Training women to train others: a smart way to spread the message about gender and climate change

Women contribute as much as 60% to agricultural production in Nepal. A new outreach program is helping to train them on the interconnections between climate change, agriculture and food security, and how it affects them as women.
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Aug 2, 2013

by

Dharini Parthasarathy and Punya P. Regmi (CCAFS, Nepal Development Research Institute )

Regions

In Nepal, women’s contribution to agriculture is as much as 60 percent. The CGIAR Research Program on Climate Change, Agriculture and Food Security (CCAFS) South Asia is interested in linking women farmers’ voices and experiences to research and policymaking. This focus on women is not only because they are a more vulnerable group but also because their support is crucial to making agriculture climate resilient.

To make this link our team recently organised a ‘Training-of-trainers’ workshop for women cooperative leaders on gender aspects within climate change, agriculture and food security issues.

Organised by the Youth and Small Entrepreneur Self-Employment Fund (YSEF), Ministry of Finance, Government of Nepal and CCAFS South Asia, the aim of the workshop was to train and empower these women to train others in their own districts. The hope is for each of them to reach 100 other women and educate them on the complexities of how men and women are impacted differently by climate change.

The expected outcome of this inaugural session was a ‘training strategy’ for these women to use in their future trainings.  

The 90 women who attended the 'training of trainers' workshop will each train 100 women in their local regions, creating thousands of climate smart women across nepal.

The Agriculture Development Bank Limited in Bhaktapur was spruced up to host the 90 participants from 75 districts in Nepal. Several had defied pouring rains and travelled from as far as 800 km away, taking overnight buses along winding mountain roads.  

The training started with a group exercise where one participant introduced another by her name, sometimes caste, which district she came from and her role within the cooperative she represented. It was a diverse group and their duties ranged from managerial to clerical. Several of the cooperatives that were represented, such as the Sri Mahila Jan Jyothi Krishi Samhiti, focused exclusively on women farmers.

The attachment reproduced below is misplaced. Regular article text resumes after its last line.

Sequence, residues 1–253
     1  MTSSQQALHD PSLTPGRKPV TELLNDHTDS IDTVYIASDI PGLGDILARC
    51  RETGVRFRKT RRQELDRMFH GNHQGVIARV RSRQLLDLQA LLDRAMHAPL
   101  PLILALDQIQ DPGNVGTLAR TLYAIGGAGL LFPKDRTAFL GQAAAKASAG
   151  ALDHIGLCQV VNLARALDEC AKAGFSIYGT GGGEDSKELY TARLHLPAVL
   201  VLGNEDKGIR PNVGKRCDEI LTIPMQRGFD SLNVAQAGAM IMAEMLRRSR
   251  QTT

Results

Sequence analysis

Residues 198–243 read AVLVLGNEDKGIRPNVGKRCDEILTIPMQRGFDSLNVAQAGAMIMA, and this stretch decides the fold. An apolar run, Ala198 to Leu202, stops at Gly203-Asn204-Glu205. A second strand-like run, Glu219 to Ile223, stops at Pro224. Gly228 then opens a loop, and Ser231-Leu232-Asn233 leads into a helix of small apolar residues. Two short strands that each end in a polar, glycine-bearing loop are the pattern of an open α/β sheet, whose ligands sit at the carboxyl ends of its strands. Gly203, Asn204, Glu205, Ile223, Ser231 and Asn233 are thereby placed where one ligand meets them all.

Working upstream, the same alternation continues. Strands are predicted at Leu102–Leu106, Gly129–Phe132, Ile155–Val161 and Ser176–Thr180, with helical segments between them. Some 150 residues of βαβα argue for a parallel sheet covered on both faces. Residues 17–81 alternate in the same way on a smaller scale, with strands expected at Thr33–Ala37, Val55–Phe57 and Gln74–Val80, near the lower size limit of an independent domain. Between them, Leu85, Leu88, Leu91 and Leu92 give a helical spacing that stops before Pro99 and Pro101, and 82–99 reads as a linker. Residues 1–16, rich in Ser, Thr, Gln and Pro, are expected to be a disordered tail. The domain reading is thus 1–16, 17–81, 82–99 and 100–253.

Tapping into existing networks

As Punya Prasad Regmi, Executive Vice Chairman of YSEF, said: “Cooperatives are an excellent way to spread information about climate change to Nepalese women. Their reach is far and wide and they have a credible voice in society.”          

To show their existing knowledge on climate change and its complex links with gender, the participants were asked to share their own perceptions on the topic. Several said they had heard the word climate change (in Nepali) but had little idea what it actually meant. 

The presentations attempted to fill the knowledge gap and took an interactive format to keep up with questions from participants. Chintan Manandhar from Caritas Nepal pointed out that South Asia was less prepared to adapt to climate change and would probably face the worst of its impact.

One participant asked why developing countries such as Nepal had to ‘take the blame’ when carbon emissions from developed countries had contributed to climate change. Others wanted to know what type of seed varieties can help in tackling climate change. 

A toolkit for success

Menaka Pokhrel, Chairperson at the Small Farmers’ Agriculture Cooperative in Bardiya district, said she was pleased to attend the training. “There is a lot to learn about climate change; it’s not a simple topic,” she said flipping through a summary version of the training-of-trainers manual.

women cooperative leaders are a vital link for ccafs: "their reach is far and wide and they have a credible voice in society" 
Photo: Dharini Parthasarathy 

This manual, on climate change and gender, was exclusively prepared by CCAFS South Asia and the NGO Alternative Futures to suit the South Asian context. It  has been translated into regional languages including Hindi and Nepali. 

Jamuna Acharya, from Didi Bahini Savings and Credit Cooperative Society in Myagdi district felt that there was not enough reading material in Nepali on the topic of climate change and gender. At least not that she has access to.
The first day ended with the participants breaking up into groups of eight and formulating a training strategy incorporating whatever they learnt during the day.

Adapting strategies to the local voice

On day two, the participants presented their strategies, which was followed by a leadership exercises on teamwork and facilitation. The sessions were interspersed by folk songs and dance and many of the lyrics were spontaneously changed to reflect the vagaries of climate change! 

More than 10,000 copies of the Training-of-trainers summary manual in Nepali have been printed for distribution as a guide for facilitators at the district level. There are also plans to air weekly radio shows for six months from three radio stations in different regions of Nepal on topics related to the impact of climate change on agriculture.  

CCAFS South Asia has in the past organised similar workshops in Bihar, India along with the NGO Alternative Futures and the Bihar Mahila Samakhya. Capacity enhancement, particularly through a gendered lens, in addressing the different impacts that climate change has on men and women is an important focus for CCAFS overall work.  

Download the Train-the-Trainer manual: Gender, climate change, agriculture, and food security: a CCAFS training-of-trainers (TOT) manual to prepare South Asian rural women to adapt to climate change.